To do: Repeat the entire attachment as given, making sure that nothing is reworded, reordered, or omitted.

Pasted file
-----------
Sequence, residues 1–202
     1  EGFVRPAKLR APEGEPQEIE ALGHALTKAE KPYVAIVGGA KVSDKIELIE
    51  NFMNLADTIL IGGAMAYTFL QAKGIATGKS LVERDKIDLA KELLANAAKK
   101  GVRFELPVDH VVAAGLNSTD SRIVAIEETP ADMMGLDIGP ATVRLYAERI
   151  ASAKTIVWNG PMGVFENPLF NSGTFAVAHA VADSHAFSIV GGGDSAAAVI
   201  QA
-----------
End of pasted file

Sequence, residues 1–202
     1  EGFVRPAKLR APEGEPQEIE ALGHALTKAE KPYVAIVGGA KVSDKIELIE
    51  NFMNLADTIL IGGAMAYTFL QAKGIATGKS LVERDKIDLA KELLANAAKK
   101  GVRFELPVDH VVAAGLNSTD SRIVAIEETP ADMMGLDIGP ATVRLYAERI
   151  ASAKTIVWNG PMGVFENPLF NSGTFAVAHA VADSHAFSIV GGGDSAAAVI
   201  QA